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From the Townsend Letter
November 2013

briefed by Jule Klotter
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Biofield Research
Biofield therapies, such as external qigong, Healing Touch, Reiki, and Therapeutic Touch, lessen pain and change biomarkers. These therapies, which may or may not involve physical contact, aim to influence the patient's biofield. "We infer that such healing can occur since living systems coexist within and co-contribute to a biofield, which we define in terms of electric, magnetic, and electromagnetic fields as well as subtle energies (energies that appear to exist but have not yet been measured)," Richard Hammerschlag said during a Roundtable Discussion at the May 2012 International Research Congress on Integrative Medicine and Health (Portland, Oregon). The SQUID magnetometer, a new device used by conventional researchers, measures biomagnetic fields emitted from the heart, brain, and muscles. It can also measure energy being emitted from the hands and hearts of biofield practitioners.

Pain relief using biofield therapies has been the subject of numerous studies. Roundtable comoderator Shamini Jain and P. J. Mills conducted a systemic review of 66 clinical studies of "medium reporting and design quality" (
Int J Behav Med. 2010;17:1–16). "Through our best-evidence synthesis, we found strong evidence for reduction of pain intensity in pain populations and moderate evidence for reduction of pain intensity in hospitalized and cancer populations," Jain said. A 2008 Cochrane Review, led by P. S. So, also reported significant pain reduction in patients given biofield therapy compared with control patients receiving sham touch or no treatment.

Biofield therapies also affect biochemistry. Thirteen of 20 nontouch biofield therapies in a systematic review, led by Hammerschlag, observed "at least one statistically significant biomarker effect" (
BMC Complement Altern Med. 2012;12 [suppl 1]:P02.42). Roundtable participant Susan Lutgendorf described a clinical study that she led at the University of Iowa (Brain Behav Immun. 2010;24:1231–1240). Before starting chemoradiation therapy, 60 women with cervical cancer were randomly assigned to receive Healing Touch (a hands-on and hands-off therapy), relaxation therapy with a facilitator (active control), or usual treatment. Healing Touch or relaxation therapy was given for 20 to 30 minutes after each radiation treatment (4 times a week for 6 weeks). Natural killer cell activity against tumor cells decreased far more in the relaxation and usual care groups than in the Healing Touch group: "This between-group difference over time was highly significant," Lutgendorf said.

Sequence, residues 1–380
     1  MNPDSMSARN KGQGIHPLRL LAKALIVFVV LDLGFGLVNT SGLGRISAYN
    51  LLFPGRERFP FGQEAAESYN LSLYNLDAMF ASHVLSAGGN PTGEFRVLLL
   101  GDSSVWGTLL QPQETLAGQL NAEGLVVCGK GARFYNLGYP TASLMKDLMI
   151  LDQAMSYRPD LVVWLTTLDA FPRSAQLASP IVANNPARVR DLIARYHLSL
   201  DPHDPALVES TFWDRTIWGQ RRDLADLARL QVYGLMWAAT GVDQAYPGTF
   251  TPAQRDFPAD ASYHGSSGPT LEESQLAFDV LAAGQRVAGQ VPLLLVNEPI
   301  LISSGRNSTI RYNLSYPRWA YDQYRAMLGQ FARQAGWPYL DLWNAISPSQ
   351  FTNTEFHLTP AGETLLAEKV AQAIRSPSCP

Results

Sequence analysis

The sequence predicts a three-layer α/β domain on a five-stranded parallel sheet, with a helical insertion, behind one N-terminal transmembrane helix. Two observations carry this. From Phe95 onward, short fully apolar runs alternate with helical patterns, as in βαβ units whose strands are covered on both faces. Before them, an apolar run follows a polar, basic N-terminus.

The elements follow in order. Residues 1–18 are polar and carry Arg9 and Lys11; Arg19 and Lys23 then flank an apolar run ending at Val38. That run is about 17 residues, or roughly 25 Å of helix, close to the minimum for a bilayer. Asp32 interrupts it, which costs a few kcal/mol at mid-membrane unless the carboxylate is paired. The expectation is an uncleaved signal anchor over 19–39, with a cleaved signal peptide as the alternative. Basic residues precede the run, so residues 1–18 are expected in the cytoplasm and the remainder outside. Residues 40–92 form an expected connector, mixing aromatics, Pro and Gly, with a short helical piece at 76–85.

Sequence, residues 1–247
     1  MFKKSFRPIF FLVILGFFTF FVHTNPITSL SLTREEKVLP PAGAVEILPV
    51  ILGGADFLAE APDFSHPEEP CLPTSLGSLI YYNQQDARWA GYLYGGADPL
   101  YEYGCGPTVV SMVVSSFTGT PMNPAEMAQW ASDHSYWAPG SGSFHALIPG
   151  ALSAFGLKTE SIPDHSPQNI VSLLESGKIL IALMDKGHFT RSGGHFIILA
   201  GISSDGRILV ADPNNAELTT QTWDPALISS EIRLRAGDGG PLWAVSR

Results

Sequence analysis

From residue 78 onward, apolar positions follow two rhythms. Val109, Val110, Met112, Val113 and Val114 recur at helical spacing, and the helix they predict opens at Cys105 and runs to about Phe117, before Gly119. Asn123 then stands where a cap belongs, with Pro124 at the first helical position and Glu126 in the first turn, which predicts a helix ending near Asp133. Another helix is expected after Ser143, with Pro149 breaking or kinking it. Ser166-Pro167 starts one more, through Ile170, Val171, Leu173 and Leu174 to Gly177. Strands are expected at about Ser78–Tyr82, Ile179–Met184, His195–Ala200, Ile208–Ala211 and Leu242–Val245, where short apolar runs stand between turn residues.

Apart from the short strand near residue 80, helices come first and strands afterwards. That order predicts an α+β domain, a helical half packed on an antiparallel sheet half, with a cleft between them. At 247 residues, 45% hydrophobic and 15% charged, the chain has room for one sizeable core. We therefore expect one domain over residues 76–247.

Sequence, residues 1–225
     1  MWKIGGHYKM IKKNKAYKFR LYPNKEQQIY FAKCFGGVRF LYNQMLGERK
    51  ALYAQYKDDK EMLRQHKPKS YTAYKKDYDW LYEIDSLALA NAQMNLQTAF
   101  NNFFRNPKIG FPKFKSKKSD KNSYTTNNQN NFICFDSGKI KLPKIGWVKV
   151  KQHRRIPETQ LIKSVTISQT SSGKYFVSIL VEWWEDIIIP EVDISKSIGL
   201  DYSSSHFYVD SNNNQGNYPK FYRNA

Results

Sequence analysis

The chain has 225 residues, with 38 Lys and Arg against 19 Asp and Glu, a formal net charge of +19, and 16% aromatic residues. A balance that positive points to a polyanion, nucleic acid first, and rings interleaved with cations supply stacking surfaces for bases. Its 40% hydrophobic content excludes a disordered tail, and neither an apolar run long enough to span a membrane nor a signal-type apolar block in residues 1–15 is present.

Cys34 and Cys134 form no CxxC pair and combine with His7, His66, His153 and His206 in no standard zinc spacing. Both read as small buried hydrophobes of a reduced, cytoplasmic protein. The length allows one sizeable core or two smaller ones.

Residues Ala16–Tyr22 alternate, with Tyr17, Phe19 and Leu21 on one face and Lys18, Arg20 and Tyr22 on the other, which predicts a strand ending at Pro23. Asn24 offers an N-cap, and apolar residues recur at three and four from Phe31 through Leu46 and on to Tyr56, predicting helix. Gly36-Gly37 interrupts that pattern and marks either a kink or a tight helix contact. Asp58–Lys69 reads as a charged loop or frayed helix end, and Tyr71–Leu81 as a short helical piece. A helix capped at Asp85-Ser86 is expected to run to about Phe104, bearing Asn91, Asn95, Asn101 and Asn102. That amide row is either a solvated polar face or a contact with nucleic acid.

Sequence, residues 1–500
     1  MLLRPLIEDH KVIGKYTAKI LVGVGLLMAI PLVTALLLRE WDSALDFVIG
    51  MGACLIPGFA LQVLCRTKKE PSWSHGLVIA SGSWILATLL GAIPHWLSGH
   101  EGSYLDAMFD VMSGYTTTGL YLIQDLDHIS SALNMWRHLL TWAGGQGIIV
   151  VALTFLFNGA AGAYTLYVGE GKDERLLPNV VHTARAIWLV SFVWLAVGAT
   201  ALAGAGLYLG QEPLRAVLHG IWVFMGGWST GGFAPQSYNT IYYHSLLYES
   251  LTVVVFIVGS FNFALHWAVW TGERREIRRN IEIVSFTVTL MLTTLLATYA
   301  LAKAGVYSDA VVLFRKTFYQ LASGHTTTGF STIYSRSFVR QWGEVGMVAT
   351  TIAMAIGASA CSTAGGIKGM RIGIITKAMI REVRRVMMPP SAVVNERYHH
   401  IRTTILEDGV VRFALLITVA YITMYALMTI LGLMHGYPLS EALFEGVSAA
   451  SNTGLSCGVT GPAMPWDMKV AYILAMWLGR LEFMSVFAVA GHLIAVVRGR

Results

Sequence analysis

Experiments conducted by J. Zimmerman in 1990 and A. Seto et 1992 indicate that biofield practitioners emit energy from their hands and/or hearts during healing sessions. When Ann Baldwin, W. L. Rand, and G. E. Schwartz tried to recreate these studies using a SQUID on Reiki practitioners, they did not observe any surge in energy (
Altern Complement Med. June 2013;19(6):518–526). Unlike in the earlier experiments, the Reiki practitioners were sitting in a magnetically shielded room. Baldwin and colleagues suggest that biofield practitioners draw on electromagnetic radiation in the environment to trigger the flow of healing energy. If this hypothesis is true, the magnetic shielding would have prevented a change in the practitioners' energy levels.

The roundtable participants, all of whom are "conventional biomedical researchers," would like to see more funding for biofield physiology. The effects are real, but why biofield therapies work and how to use them most effectively are still puzzling.

Hammerschlag R, Jain S, Baldwin AL, et al.Biofield research: a roundtable discussion of scientific and methodological issues.
J Altern Complement Med. 2012; 18(12): 1081–1086. Available at Accessed August 7, 2013.

Aluminum, Macrophagic Myofasciitis, and CFS
Aluminum hydroxide, an adjuvant in vaccines, is causing joint and muscle pains, chronic fatigue, muscle weakness, and cognitive dysfunction in some people, according to French myopathologists. The researchers call the condition macrophagic myofasciitis (MMF). Deltoid muscle biopsies from these patients reveal a high number of macrophages with aluminum nanocrystals in their cytoplasm. Aluminum salts have been used as vaccine adjuvants for decades to increase immune response to the vaccine's antigen.

Romain K. Gherardi and François-Jérôme Authier say that MMF appeared in France during the 1990s, after intramuscular vaccination replaced the subcutaneous route, hepatitis B vaccination increased among adults, and the deltoid muscle became the preferred site for routine muscle biopsies. Macrophages engulf aluminum particles at the vaccine injection site and form a characteristic MMF lesion. Some aluminum particles are carried to the lymphatic system, bloodstream, and brain, according to laboratory experiments. Gherardi and Authier say that genetic susceptibility may have a role in MMF.